For someone who has faced the recent death of a loved one, this film rings true, and the refrain from the song takes on a new dimension, not intended by the original lyricist.

*****Five stars for hitting its emotional target..
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robertconnor7 June 2005
After extensive heart surgery, a retired businessman living in the south of France returns home to convalesce. There he is visited by his daughter Caroline. As his health declines, Caroline is confronted by all the familiar behaviour patterns of her relationship with her mother and father.

This is an exquisite example of cinematic subtlety and understatement from Tavernier, Bogarde and Birkin. Tavernier enables his actors to create an intensely realistic 'family' - proud father, long-suffering mother, loving yet insecure daughter - all struggling to come to terms with the fragility of life. Bogarde and Birkin are deeply moving as father and daughter, clumsily struggling to communicate as adults after a lifetime of parent and child, and Laure provides selfless support, raging silently against the inevitable.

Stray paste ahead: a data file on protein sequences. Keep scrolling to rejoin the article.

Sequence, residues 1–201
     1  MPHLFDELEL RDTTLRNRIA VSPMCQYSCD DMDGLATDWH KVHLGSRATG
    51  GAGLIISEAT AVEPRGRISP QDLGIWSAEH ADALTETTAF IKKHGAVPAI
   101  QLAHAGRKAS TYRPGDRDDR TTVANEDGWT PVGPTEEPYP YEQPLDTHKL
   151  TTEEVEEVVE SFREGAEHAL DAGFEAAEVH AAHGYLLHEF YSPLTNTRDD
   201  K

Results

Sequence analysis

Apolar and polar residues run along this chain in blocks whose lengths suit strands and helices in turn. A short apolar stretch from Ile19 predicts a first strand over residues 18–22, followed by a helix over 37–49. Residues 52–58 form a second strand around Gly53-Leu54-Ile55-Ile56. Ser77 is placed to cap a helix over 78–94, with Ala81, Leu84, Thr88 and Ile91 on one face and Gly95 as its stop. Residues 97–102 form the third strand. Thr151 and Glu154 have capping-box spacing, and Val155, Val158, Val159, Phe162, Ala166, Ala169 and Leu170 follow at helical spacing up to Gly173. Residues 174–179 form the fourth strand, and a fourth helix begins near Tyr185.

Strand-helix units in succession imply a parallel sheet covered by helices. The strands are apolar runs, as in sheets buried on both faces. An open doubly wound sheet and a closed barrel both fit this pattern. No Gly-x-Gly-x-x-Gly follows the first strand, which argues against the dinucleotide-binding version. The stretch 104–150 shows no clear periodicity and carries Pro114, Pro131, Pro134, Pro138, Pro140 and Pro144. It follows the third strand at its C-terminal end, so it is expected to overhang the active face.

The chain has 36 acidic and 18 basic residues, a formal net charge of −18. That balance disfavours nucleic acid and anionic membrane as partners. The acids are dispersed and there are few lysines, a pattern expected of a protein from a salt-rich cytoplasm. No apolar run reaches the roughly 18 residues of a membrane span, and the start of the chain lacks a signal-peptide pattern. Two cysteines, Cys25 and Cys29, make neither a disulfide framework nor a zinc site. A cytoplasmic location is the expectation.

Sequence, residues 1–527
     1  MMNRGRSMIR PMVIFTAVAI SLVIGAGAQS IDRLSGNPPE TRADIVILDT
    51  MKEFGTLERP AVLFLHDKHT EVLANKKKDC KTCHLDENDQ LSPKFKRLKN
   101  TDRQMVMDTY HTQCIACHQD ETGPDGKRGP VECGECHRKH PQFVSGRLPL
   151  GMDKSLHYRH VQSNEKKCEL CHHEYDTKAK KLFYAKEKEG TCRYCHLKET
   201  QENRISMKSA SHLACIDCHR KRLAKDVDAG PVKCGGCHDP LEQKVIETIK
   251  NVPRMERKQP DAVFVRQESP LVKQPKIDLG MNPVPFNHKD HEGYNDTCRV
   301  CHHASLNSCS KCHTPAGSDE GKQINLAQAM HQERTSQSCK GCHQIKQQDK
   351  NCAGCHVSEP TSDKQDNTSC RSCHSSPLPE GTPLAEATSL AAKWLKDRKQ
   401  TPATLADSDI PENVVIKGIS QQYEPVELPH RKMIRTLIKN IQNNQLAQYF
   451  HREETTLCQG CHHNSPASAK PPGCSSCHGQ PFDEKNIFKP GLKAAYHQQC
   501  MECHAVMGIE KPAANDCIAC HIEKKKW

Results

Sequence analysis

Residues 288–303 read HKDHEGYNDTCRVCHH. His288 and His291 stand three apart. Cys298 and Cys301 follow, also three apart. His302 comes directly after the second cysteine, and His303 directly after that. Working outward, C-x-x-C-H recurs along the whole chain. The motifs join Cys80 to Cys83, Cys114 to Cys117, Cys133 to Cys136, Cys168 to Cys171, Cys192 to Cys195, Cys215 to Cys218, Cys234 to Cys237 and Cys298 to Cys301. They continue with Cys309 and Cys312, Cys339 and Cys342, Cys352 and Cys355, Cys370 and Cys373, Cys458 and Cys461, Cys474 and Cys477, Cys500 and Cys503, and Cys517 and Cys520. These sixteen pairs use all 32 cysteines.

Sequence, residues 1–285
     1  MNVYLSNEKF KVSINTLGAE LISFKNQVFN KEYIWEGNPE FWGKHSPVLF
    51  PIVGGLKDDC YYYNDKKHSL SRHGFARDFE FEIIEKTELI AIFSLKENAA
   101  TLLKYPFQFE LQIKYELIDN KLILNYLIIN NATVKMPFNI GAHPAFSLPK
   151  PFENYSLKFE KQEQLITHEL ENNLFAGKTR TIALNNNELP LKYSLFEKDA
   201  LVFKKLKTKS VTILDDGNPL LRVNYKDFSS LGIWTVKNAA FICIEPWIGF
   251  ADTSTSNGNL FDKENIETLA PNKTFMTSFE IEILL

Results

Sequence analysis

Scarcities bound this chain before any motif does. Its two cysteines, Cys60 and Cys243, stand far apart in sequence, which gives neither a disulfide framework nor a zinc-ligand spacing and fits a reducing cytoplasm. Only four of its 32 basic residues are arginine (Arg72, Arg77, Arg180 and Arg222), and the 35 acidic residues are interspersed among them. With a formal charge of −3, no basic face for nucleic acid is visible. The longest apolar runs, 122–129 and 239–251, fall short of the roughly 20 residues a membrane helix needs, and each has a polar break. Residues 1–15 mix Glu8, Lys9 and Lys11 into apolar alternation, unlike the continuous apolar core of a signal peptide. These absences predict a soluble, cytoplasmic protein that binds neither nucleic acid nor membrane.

As a study of life's finite nature, this is faultless. As a final outing for Bogarde, it is a fitting and extraordinary tribute to a master-craftsman of the cinema.
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Cinema at its best gives us a bird's eye view of life
LesHalles8 July 2002
I second Victoria's comments. A profoundly moving film.

Caroline loves her father and craves his attention, but he has lived a self-indulgent life and never gave her the time and affection she needed. Now, as time is running out, they both strive to heal their relationship.

A superbly successful investigation of the relationship between a woman and her father, that both analyzes their feelings and narrates their efforts to reach each other, and which ends in a timeless, transcendental moment capturing the bittersweet and ephemeral nature of life.

For me,as a man, the film gave insight into the father/daughter relationship; I notice that young women gave this film a higher rating than other groups.

Also, one of the few English language films of Jane Birkin widely available in the USA, along with Dust and Kung Fu Master. A uniquely sensitive actress with a large body of work in French cinema.
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Sunny tale of life ending
Bob Taylor1 September 2006
Dirk Bogarde is wonderful in his last film. Everything we remember from the past is here: the laconic smile, the raised eyebrow that seems to say Oh, really?, the perfect timing. Add to these the lassitude that comes to those whose hearts are functioning far below standard--the story starts just after his heart surgery. Jane Birkin is playing a character for once whose life is not a caricature, as it was in too many of her films--you don't remember the Gainsbourg years when you see her here. Odette Laure as the mother is new to me, but she plays very well indeed; she is the watchful manager of her husband's declining resources.